Recovery in the housing market is stumbling back to solid ground, thanks to a rise in home prices and existing home sales, as well as a drop in foreclosures, according to the latest Housing Barometer report released Wednesday by Trulia.
However, growth in these sectors is dragging disproportionally weaker growth in young adult employment and stagnation in the new home construction sector in its wake, and worsening conditions for borrowers and investors keeps the road to overall recovery bumpy.
The strongest growth is in the value of homes being sold, according to Trulia's chief economist, Jed Kolko. Though homes nationally were—by Trulia's measure—5 percent undervalued in the first quarter of 2014, this is a vaulting improvement over the 15 percent undervaluation at the bust's 2011 low point and the 10 percent undervaluation just a year ago.
Similarly encouraging is the fact that rising home prices and an improving economy are shrinking delinquency and foreclosure rates. According to Kolko, the delinquency/foreclosure rate was 63 percent back to normal in February, up from 42 percent one year earlier. More foreclosures are also being completed and sold, particularly in Florida, New York and New Jersey, where a judicial-foreclosure process can take years.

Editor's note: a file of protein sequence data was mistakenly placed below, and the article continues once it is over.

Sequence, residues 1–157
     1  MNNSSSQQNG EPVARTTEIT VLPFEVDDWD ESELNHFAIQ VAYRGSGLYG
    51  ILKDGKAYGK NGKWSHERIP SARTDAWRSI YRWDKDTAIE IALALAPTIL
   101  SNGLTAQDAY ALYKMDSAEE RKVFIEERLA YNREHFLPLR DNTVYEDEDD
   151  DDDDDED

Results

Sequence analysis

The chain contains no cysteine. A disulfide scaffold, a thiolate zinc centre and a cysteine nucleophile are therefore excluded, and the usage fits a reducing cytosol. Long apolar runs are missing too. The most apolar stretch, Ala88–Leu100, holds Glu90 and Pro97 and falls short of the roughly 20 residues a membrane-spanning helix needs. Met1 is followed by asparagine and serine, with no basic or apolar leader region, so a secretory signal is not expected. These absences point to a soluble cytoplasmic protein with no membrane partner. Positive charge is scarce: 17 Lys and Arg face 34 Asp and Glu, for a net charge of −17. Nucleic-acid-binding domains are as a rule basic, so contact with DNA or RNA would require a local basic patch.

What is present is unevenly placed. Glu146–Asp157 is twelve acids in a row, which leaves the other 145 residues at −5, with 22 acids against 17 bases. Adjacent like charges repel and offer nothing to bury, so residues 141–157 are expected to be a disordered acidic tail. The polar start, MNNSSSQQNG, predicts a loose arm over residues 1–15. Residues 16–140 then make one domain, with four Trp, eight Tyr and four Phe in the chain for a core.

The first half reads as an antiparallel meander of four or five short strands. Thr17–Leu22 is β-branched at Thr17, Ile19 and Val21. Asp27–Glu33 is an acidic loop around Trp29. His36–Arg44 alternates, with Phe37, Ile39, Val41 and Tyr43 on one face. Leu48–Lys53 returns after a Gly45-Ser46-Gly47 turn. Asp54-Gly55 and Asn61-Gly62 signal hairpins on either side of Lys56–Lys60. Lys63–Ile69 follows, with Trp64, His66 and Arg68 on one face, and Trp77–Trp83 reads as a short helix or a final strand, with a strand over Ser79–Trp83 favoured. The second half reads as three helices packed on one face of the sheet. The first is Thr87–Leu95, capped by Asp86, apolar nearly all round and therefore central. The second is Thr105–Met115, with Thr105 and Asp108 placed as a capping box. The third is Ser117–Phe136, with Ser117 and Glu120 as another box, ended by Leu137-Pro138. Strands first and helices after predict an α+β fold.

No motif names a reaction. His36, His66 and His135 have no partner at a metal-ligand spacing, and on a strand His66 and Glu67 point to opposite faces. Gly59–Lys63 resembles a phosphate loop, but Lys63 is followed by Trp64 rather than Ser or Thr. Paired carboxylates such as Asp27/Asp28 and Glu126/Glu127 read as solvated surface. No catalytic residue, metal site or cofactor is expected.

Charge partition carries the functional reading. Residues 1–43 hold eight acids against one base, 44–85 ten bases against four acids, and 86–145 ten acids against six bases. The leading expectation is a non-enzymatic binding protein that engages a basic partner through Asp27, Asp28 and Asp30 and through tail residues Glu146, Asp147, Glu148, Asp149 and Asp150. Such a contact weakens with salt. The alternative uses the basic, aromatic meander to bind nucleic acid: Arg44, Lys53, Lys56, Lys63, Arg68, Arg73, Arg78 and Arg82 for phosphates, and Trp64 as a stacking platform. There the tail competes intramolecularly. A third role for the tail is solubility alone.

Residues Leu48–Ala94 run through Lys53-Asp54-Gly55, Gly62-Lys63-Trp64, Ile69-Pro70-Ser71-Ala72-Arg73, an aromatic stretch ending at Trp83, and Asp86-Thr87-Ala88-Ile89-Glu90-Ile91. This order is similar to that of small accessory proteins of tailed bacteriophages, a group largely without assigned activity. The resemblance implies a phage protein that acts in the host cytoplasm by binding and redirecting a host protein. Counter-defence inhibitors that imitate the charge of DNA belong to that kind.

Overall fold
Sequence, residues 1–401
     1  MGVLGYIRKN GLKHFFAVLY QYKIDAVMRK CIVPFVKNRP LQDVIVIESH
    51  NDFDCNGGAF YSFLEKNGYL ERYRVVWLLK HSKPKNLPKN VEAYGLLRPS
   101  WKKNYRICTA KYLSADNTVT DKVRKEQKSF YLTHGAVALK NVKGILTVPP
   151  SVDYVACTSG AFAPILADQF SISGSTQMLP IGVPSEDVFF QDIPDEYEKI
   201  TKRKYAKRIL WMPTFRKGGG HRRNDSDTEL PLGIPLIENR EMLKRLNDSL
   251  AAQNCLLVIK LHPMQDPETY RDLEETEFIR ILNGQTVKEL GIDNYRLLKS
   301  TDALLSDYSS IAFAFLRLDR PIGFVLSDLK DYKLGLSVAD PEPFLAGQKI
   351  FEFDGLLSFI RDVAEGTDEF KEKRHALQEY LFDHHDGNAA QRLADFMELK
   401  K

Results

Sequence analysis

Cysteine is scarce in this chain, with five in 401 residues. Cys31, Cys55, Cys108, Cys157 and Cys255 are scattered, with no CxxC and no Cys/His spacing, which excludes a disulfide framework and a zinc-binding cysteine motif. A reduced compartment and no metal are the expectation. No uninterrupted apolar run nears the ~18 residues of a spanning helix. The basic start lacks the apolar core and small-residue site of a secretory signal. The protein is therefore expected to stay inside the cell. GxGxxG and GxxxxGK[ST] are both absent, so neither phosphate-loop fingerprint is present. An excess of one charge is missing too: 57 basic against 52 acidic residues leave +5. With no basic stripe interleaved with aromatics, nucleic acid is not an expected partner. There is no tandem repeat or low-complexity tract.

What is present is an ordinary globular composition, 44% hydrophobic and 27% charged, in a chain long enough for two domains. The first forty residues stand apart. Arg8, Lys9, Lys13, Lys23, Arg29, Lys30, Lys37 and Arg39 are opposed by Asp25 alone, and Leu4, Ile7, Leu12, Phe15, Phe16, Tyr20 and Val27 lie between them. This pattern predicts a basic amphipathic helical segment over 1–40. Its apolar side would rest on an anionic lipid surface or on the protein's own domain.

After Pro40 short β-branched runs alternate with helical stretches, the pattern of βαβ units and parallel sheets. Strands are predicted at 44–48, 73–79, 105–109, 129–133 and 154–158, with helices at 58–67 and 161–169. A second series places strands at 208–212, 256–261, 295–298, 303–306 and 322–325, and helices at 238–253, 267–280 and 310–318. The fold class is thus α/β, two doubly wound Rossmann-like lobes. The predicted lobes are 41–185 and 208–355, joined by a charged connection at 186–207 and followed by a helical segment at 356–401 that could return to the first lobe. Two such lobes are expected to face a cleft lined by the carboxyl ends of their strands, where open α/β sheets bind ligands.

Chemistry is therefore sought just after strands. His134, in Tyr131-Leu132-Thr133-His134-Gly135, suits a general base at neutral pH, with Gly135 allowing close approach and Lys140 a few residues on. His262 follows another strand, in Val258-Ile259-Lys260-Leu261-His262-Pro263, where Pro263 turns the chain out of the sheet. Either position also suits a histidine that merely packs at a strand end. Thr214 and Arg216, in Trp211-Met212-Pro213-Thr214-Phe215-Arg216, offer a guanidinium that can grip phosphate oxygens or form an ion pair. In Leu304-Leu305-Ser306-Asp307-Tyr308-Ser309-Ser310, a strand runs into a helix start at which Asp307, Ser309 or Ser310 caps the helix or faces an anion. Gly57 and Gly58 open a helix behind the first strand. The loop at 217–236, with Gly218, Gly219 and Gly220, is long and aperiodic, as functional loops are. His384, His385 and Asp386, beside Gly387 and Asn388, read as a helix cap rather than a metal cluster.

Holding up total recovery, however, is the steady-but-agonizingly-slow growth of employment among adults age 25 to 34, who are key to creating new households. Nearly 76 percent of these adults work, which is up not even one full percentage point from last year, Trulia reported.
Similar stagnation plagues the new construction sector, which Trulia found to be only 44 percent of the way to where it should be—a 1 percentage point drop from last year.
Further complicating recovery is a tri-level worsening of conditions for buyers and investors. First, though it remains cheaper to buy a home than to rent in the 100 largest metros, rising home prices mean declining affordability and, thus, a bigger challenge for first-time buyers.
Second, investors looking to flip or rent properties are stepping back as home prices rise, meaning fewer existing homes are being sold.
Third, potential buyers are leery of rising mortgage rates and the new rules that accompany them, and mortgage purchase applications and mortgage-based home sales are declining as a result.
Kolko, however, expects this last factor may be a temporary hurdle. "Rates remain low by historical standards, and the new mortgage rules offer longer-term clarity that should encourage banks to make more loans that are within the new rules," he said.
Overall, Kolko puts the keys to recovery in the hands of the young. "The boost to young-adult employment is especially important right now," he said. "The less the recovery can depend on the engine of investors, the more the housing market will need to rely on young adults entering the housing market, first as renters and eventually as buyers."